Herbs enliven this salmon smørbrød
You can taste spring in this open-faced sandwich that’s a taste treat any time of year
Lindsey Rose Johnson
My Norwegian ancestors would probably disown me if they knew how much I abhor winter and cold weather in general. I dream of tropical beaches and warm breezes while I suffer through winter. And truth be told, I live in Boise, Idaho. The winters in Boise are not that bad! Alas, I complain and count the days until spring arrives.
Winter months, unless one lives in a more temperate climate, mean a reliance on winter vegetables. Well, that’s not entirely true. Nowadays, we can buy just about any fruit or veggie year round. But if the goal is to eat seasonal produce, then root veggies and cruciferous veggies, onions, and squash appear frequently on the menu.
Don’t get me wrong: I love winter veggies. By the time March rolls around, though, I’m craving tender asparagus, peas, strawberries, and other springtime garden treats.
With the arrival of spring, comes the first garden goodies—fresh herbs, baby greens, and spring onions, to name a few. Years ago I worked for a small farm that operated a Community-supported agriculture (CSA) and that is exactly the items members received during the early spring weeks. I fell in love with micro-greens while I worked there.
Micro-greens are similar to sprouted legumes, except they are grown from sprouted seeds of leafy greens and veggies such as kale, cabbage, mustard greens, broccoli, bok choy, beets, and radishes. The adorable little greens are chock full of vitamins and minerals and add color and flavor to any dish, particularly sandwiches.
Open-faced sandwiches are a Scandinavian favorite. My husband and I first started eating open-faced seafood sandwiches when we were in Norway nearly 15 years ago. We loved the delicious, simple sandwiches topped with tiny melt-in-your-mouth shrimp or smoked salmon.
My version of open-faced salmon sandwiches includes hot smoked salmon atop a thick slice of artisan bread liberally smeared with a homemade herbed cheese spread.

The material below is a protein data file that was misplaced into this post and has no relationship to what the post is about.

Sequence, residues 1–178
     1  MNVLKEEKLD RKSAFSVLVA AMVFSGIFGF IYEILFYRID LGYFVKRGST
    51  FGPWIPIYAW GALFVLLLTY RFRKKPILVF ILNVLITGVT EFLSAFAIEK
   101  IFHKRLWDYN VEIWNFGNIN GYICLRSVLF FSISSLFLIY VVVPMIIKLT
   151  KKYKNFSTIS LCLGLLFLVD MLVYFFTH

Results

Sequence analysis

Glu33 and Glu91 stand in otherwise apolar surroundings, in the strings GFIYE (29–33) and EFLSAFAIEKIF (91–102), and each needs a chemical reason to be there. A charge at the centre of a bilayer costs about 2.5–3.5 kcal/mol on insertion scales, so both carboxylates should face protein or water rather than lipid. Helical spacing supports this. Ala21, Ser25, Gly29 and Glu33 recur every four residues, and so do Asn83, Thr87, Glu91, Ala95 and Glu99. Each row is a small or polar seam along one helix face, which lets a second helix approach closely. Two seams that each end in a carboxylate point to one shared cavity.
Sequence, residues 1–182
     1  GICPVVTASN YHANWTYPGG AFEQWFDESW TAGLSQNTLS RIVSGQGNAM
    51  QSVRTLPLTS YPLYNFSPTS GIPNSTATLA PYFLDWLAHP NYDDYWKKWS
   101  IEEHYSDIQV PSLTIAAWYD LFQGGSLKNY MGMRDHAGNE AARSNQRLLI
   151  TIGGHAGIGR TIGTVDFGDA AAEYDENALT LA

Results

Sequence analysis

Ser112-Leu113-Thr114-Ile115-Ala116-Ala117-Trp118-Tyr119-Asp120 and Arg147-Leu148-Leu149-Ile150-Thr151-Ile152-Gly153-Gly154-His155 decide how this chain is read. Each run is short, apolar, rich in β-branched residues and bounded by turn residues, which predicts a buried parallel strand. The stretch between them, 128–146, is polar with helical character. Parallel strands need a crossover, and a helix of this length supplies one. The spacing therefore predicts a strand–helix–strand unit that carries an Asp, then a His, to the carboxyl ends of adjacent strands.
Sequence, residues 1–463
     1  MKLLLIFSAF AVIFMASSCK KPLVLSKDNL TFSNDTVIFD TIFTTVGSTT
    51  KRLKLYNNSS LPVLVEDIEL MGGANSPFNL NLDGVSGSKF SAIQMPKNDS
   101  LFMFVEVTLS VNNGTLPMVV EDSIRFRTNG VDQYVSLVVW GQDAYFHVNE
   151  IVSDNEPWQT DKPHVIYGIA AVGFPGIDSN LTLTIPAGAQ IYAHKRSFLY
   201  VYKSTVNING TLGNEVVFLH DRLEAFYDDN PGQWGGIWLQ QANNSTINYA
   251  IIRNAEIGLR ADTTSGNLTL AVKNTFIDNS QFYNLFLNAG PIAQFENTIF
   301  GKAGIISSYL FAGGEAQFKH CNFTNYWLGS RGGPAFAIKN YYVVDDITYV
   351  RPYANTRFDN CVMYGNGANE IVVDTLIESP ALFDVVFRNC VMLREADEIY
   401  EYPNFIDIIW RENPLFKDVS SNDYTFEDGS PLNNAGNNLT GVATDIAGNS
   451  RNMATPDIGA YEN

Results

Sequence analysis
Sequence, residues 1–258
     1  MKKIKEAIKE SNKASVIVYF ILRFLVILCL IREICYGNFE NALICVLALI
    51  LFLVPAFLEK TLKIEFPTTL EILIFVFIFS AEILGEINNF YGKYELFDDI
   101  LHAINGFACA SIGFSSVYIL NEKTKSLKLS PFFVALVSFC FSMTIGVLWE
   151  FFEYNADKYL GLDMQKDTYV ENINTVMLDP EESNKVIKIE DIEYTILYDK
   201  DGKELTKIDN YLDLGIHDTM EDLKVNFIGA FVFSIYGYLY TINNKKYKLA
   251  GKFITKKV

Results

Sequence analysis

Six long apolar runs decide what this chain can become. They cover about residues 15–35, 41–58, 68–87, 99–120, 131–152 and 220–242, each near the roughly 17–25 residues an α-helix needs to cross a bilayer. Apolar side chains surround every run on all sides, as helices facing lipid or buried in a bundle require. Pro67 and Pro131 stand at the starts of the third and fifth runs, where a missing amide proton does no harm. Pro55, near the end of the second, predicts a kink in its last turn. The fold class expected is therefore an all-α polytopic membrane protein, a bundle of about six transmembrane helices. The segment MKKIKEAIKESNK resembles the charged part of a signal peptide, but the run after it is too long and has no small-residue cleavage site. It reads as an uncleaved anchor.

Snøfrisk, a Norwegian fresh cream cheese made with goat and cow milk, is my go-to for the cheese spread. It’s rich, buttery, and creamy. Adding fresh dill and chives, minced shallot, lemon zest, and fresh ground black pepper takes it to the next level.
Because Snøfrisk can be a little tricky to find sometimes, fresh goat cheese (chevre) or Philadelphia-style cream cheese can be substituted.
While I love gravlax, I’ve come to prefer hot-smoked salmon. The deep, woodsy flavor infused during the smoking process is hard to beat. The best hot-smoked salmon I’ve ever had is peach wood smoked. It’s worth seeking out, but be prepared to pay a pretty penny! I’m able to find it at my local Whole Foods, but other stores carry similar salmon. Homemade hot-smoked salmon would also be incredible. Truly, any smoked salmon, hot- or cold-smoked or cured, will work. Smoked trout or herring would also be amazing.
These sandwiches are versatile. They can be cut into small wedges to be served as an appetizer, wrapped up and taken to a picnic, enjoyed with a friend and a glass of white wine or an ice-cold hard cider, or devoured standing at the kitchen counter. Also, they aren’t just for spring!
I’ll be making these open-faced sandwiches all spring and summer long as the snow gives way to blossoms and leaves, the days finally grow longer again, and my garden starts producing an abundance of tomatoes and cucumbers. By the way, I highly recommend topping these sandwiches with sliced of either, or even better, both. This is sure to become a favorite sandwich any way you slice it.
Open-Faced Smoked Salmon Sandwiches
½ cup herbed cream cheese spread
4 large, thick slices rustic artisan bread
8 oz. hot-smoked salmon
½ cup micro-greens or sprouts, for garnish
4 lemon wedges, for serving
Divide the herbed cream cheese spread evenly among the four slices of bread.
Gently flake the salmon into big pieces and arrange evenly over the four slices of bread.
Top with the micro-greens and serve with a slice of lemon. Enjoy immediately, or wrap well and refrigerate for several hours, or up to one day. Serves 4.
Notes: If desired, toast bread first. Gravlax or other preserved fish can be substituted for the salmon. This is a great way to use up leftover cooked salmon as well.
Herbed Cream Cheese Spread
4-5 oz. Norwegian cream cheese (such as Snøfrisk)
2 tbsps. shallot, minced
2 tbsps. fresh dill, finely chopped
2 tbsps. fresh chives, thinly sliced
¼ tsp. coarse ground black pepper
zest of 1 lemon, finely grated
salt, to taste
In a small bowl, combine the cream cheese with the shallots, herbs, pepper, and lemon zest. Taste and add a little salt, if needed.
Store in airtight container until ready to use. Will keep for 1 week. Makes about 1/2 cup.
Note: if Snøfrisk isn’t available, substitute an equal amount of fresh goat’s cheese (chevre) or Philadelphia-style cream cheese.
Lindsey Rose Johnson is the granddaughter of a full-blooded Norwegian raised in the Dakotas. Lindsey, her husband and children, and their two adorable pups live in the beautiful city of Boise, Idaho, where she earns her keep by developing recipes for her clients, photographing the delicious results, and freelancing as a cookbook photographer. More of her recipes can be found at CafeJohnsonia.com.
This article originally appeared in the March 8, 2019, issue of The Norwegian American. To subscribe, visit SUBSCRIBE or call us at (206) 784-4617.